Under a headline that reads, “Washington’s House Democrats’ budget irresponsibly pushes problems ahead,” the Seattle Times reviewed the House Democrats’ budget plan and wrote that it “would delay paying public schools the final $405 million they are due until the next budget period. They would also drain $96 million from the state’s financial reserve and claw back a similar amount from cities and counties, inviting them to raise local sales taxes if they like. These are irresponsible stopgap measures that ignore the urgent need of reform.” Read the full article here. I also invite you to read the Seattle Times article, “Acccounting gimmick is big part of state House budget moves.”
Public safety – Compare
My fellow House Republicans and I are committed to keeping our communities and neighborhoods safe. We will not compromise the safety of citizens in order to balance the budget. We believe families should always come before felons. Those principles are reflected in the House Republican budget.
Our budget proposal would:
- Fund community supervision without reductions or early release (the House Democrats’ proposal would reduce supervision of sex offenders from 36 months to 24 months);
- Include new funding for gang violence prevention programs (no money included in House Democrats’ proposal to fight gang violence); and
- Provide $37 million more in public safety funding than the House Democrats’ proposal.
Caring for the most vulnerable
Taking care of our most vulnerable citizens, including people with developmental disabilities, mental health patients, senior citizens and children, is not only our responsibility as a civil society, it is the right thing to do. The House Republican budget would:
- Fully fund critical access hospitals (House Democrats’ budget would reduce funding by $13 million, putting some in jeopardy of closing);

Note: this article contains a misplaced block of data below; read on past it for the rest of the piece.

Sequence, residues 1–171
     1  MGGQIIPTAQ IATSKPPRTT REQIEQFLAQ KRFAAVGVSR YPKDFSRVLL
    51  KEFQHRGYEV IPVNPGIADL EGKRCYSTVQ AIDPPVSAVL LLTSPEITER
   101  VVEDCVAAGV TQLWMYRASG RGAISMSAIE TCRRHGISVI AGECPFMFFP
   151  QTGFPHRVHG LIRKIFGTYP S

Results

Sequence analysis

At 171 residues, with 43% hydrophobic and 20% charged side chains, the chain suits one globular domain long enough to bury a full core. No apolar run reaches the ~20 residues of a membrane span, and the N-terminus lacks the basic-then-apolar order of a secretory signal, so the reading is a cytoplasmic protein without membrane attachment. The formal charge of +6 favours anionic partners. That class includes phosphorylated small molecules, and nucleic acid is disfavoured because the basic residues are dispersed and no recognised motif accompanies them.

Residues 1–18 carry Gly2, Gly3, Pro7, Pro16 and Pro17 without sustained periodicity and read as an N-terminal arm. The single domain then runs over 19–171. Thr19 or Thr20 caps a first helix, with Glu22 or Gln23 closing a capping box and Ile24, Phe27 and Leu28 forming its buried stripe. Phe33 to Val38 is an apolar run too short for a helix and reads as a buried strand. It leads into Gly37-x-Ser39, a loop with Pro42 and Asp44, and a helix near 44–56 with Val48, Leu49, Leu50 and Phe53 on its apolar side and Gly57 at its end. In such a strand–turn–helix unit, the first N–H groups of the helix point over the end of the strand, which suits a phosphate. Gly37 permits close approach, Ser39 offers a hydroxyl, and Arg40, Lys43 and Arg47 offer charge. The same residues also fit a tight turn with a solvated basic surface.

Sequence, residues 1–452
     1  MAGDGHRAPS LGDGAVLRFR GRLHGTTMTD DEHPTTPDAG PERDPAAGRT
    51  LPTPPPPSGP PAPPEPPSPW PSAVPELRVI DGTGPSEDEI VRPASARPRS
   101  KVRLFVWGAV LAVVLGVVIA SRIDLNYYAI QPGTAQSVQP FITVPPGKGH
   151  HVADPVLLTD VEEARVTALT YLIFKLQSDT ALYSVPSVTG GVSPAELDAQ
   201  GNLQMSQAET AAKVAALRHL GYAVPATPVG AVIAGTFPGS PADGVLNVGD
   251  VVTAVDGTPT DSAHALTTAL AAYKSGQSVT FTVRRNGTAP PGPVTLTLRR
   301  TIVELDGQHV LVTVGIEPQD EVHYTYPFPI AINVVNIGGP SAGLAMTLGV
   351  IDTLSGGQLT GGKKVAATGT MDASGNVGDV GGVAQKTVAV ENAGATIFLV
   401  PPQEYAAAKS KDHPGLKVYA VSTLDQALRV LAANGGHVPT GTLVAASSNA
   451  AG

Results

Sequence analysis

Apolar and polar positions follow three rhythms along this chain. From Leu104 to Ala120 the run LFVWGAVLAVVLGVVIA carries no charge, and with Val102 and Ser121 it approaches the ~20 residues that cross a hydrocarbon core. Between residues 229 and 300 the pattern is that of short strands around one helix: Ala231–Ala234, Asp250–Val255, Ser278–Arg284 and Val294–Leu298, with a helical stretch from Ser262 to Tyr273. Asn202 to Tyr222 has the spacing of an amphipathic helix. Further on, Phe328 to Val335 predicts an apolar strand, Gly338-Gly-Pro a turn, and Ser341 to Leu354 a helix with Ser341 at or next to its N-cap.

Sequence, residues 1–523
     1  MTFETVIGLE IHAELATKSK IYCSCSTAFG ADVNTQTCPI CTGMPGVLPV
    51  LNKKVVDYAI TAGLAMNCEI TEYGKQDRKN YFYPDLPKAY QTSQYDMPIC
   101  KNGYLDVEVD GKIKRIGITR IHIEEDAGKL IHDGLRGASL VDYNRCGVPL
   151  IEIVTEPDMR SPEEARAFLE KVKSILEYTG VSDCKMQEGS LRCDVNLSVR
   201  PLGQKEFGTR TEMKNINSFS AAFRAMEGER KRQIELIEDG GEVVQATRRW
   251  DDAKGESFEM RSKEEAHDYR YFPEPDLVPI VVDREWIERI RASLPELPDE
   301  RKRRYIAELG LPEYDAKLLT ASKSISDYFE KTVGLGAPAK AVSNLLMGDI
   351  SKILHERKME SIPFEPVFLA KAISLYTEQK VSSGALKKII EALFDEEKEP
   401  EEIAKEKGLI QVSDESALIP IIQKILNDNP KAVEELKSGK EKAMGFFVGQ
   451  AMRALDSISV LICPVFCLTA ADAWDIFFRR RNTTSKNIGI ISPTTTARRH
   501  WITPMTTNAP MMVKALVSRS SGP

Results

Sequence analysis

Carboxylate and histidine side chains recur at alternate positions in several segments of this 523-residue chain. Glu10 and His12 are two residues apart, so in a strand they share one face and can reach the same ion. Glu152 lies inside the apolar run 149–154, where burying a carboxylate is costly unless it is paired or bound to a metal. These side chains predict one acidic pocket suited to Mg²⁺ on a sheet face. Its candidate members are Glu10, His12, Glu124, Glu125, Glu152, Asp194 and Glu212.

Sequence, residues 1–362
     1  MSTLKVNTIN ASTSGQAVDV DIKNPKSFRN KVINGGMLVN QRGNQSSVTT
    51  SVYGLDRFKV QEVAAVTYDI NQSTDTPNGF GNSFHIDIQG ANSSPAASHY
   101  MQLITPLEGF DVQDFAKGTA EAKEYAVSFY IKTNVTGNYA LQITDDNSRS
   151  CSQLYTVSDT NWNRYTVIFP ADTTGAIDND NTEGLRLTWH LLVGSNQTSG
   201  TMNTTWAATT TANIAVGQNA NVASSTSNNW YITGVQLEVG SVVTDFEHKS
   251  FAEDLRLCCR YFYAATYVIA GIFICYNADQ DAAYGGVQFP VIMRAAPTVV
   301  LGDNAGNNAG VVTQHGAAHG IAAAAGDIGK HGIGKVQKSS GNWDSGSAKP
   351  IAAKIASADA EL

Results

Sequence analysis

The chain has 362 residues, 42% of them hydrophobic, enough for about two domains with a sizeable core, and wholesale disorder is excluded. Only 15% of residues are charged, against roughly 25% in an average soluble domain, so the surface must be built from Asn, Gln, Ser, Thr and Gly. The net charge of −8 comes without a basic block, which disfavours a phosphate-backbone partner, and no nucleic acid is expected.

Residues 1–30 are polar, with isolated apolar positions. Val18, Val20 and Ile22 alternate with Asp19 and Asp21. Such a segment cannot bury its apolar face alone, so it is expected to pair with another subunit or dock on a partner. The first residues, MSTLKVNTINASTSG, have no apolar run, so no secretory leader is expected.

- Maintain funding for supported employment, supported living, eligibility for personal care services for the developmentally disabled (House Democrats’ budget would eliminate state-only employment services);
- Maintain funding for adult day health services (House Democrats’ proposal would reduce this by 20 percent); and
- Provide $45 million more in these areas than the House Democrats’ proposal.
No tax increases
We believe the budget must be balanced within existing revenues and without tax increases. Remember, the state is expected to bring in $2 billion more than the previous budget cycle. It’s a matter of priorities. Our House Republican budget prioritizes spending by identifying the core services of government. We reform state government by eliminating programs that don’t work, are inefficient, or are non-essential services. House Democrats do not have a state sales tax increase proposal built into their budget, but they do cut funding to local governments and then give them wider authority to increase taxes. That’s really a way of providing for a tax increase, but not taking the responsibility of the political consequences. In this tight economy, people cannot afford tax increases, whether they come from the state or local governments. The money still comes from the same place.
The House Republican budget shows that we can fund the priorities of government — education, public safety and services for the most vulnerable — without devastating cuts and without tax increases. I invite you to compare our operating budget proposal here and the House Democrats’ plan here, and then decide which budget you believe would be best for the state of Washington.
In your service,